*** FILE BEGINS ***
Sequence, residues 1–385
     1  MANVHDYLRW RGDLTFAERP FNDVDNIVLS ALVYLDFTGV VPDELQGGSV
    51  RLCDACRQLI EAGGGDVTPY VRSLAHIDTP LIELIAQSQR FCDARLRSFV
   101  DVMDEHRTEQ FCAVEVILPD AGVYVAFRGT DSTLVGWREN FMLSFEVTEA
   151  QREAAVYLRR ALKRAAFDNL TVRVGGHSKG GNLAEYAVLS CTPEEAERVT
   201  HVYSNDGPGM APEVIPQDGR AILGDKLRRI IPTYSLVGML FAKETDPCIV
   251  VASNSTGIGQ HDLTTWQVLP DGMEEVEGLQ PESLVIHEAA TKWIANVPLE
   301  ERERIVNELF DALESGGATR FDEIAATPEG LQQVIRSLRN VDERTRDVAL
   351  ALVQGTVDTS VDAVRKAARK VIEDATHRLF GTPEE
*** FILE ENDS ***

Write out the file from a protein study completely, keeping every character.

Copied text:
Sequence, residues 1–385
     1  MANVHDYLRW RGDLTFAERP FNDVDNIVLS ALVYLDFTGV VPDELQGGSV
    51  RLCDACRQLI EAGGGDVTPY VRSLAHIDTP LIELIAQSQR FCDARLRSFV
   101  DVMDEHRTEQ FCAVEVILPD AGVYVAFRGT DSTLVGWREN FMLSFEVTEA
   151  QREAAVYLRR ALKRAAFDNL TVRVGGHSKG GNLAEYAVLS CTPEEAERVT
   201  HVYSNDGPGM APEVIPQDGR AILGDKLRRI IPTYSLVGML FAKETDPCIV
   251  VASNSTGIGQ HDLTTWQVLP DGMEEVEGLQ PESLVIHEAA TKWIANVPLE
   301  ERERIVNELF DALESGGATR FDEIAATPEG LQQVIRSLRN VDERTRDVAL
   351  ALVQGTVDTS VDAVRKAARK VIEDATHRLF GTPEE